Prime Minister Benjamin Netanyahu has authorized construction of hundreds of new homes in Jewish settlements in the West Bank and east Jerusalem, an Israeli official confirmed Tuesday.
The government has presented the move as a response to a series of deadly Palestinian attacks against Jewish settlers. The Palestinians have long viewed settlement construction as the biggest obstacle to the stalled peace process.
The official said construction would include 560 new homes in Maale Adumim, just outside Jerusalem, as well as construction in the Jerusalem neighbourhoods of Ramot, Gilo and Har Homa. The plan also called for over 600 new homes in an Arab neighbourhood of east Jerusalem.
He spoke on condition of anonymity because he was not authorized to discuss the matter with reporters.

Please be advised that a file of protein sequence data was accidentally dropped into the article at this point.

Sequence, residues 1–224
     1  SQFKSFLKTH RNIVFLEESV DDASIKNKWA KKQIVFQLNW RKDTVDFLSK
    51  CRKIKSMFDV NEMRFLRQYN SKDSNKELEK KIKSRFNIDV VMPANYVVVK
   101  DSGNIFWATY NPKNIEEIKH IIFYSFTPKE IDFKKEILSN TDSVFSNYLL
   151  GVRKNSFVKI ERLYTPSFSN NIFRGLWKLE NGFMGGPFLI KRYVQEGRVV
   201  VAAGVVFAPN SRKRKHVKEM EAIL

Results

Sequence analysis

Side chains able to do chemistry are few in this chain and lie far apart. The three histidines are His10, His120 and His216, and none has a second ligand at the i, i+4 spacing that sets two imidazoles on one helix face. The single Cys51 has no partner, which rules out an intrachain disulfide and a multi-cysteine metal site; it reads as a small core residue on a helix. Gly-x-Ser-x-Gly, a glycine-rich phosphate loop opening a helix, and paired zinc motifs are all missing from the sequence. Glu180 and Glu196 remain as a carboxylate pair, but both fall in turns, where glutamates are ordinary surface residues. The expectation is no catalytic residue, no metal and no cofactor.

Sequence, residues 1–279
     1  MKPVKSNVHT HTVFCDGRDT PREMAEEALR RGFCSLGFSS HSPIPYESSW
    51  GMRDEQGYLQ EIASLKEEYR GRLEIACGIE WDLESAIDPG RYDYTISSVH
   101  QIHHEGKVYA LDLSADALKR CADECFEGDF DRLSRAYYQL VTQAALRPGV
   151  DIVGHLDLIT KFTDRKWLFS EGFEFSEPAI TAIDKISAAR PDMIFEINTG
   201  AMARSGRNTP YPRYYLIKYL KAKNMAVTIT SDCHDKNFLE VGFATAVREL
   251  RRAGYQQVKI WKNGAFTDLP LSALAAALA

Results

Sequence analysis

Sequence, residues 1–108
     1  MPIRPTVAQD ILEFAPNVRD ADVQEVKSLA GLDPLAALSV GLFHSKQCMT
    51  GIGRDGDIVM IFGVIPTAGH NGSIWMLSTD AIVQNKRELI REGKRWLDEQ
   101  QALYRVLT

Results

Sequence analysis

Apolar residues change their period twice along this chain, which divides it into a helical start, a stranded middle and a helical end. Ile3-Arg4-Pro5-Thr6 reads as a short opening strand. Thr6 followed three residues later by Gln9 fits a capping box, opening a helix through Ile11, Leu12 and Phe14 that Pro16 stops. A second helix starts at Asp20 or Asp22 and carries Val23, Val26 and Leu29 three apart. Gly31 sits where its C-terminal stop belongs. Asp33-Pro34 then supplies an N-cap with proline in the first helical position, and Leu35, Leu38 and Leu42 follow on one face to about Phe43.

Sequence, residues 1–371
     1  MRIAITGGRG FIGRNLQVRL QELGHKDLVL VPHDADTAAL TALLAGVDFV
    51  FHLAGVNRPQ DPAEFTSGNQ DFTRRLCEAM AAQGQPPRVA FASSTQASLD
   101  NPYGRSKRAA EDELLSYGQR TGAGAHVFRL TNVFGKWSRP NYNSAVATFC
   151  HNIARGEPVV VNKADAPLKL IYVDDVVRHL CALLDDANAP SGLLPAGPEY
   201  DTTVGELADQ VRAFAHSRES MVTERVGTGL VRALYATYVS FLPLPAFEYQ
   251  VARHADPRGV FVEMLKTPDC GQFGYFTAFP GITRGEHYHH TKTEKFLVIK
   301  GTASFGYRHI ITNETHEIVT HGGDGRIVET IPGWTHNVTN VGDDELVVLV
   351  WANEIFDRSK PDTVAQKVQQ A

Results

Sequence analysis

Israel captured the West Bank and east Jerusalem in the 1967 war. Most of the world opposes settlement construction in these areas, where the Palestinians hope to establish an independent state.
U.N. Secretary-General Ban Ki-moon said the Israeli plans raise "legitimate questions" about the country's long-term intentions. Palestinian official Hanan Ashrawi said Israel is "bent on destroying the viability, integrity and territorial contiguity of a future Palestinian state."
Also Tuesday, Israel's Shin Bet security service said it has arrested two Palestinians from the Gaza Strip who allegedly smuggled money for the Hamas militant group.
It said the men held special permits allowing them to conduct business in Israel. It said they were caught with thousands of euros hidden in their shoes destined for Hamas members in the West Bank.
Israel and Egypt imposed a blockade on Gaza in 2007 after Hamas ousted forces loyal to Palestinian President Mahmoud Abbas. The Palestinian leader now governs in the West Bank, while Hamas remains in control of Gaza.
Israel said the two businessmen revealed information about Hamas tunnels located under homes and mosques in Gaza. It also said they provided information about Hamas rocket launchers hidden in civilian areas.